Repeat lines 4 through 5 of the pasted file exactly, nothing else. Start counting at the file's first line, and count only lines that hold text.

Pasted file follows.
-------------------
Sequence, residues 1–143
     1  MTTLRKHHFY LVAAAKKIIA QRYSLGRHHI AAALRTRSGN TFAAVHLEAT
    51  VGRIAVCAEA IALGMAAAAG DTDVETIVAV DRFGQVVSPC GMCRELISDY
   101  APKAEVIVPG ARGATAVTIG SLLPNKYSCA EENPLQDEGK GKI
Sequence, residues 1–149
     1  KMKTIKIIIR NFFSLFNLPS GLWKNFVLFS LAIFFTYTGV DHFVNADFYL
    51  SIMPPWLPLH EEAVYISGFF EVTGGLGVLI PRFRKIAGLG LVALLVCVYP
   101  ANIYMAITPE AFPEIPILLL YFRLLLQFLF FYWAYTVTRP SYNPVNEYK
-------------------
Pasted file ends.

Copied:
   101  APKAEVIVPG ARGATAVTIG SLLPNKYSCA EENPLQDEGK GKI
Sequence, residues 1–149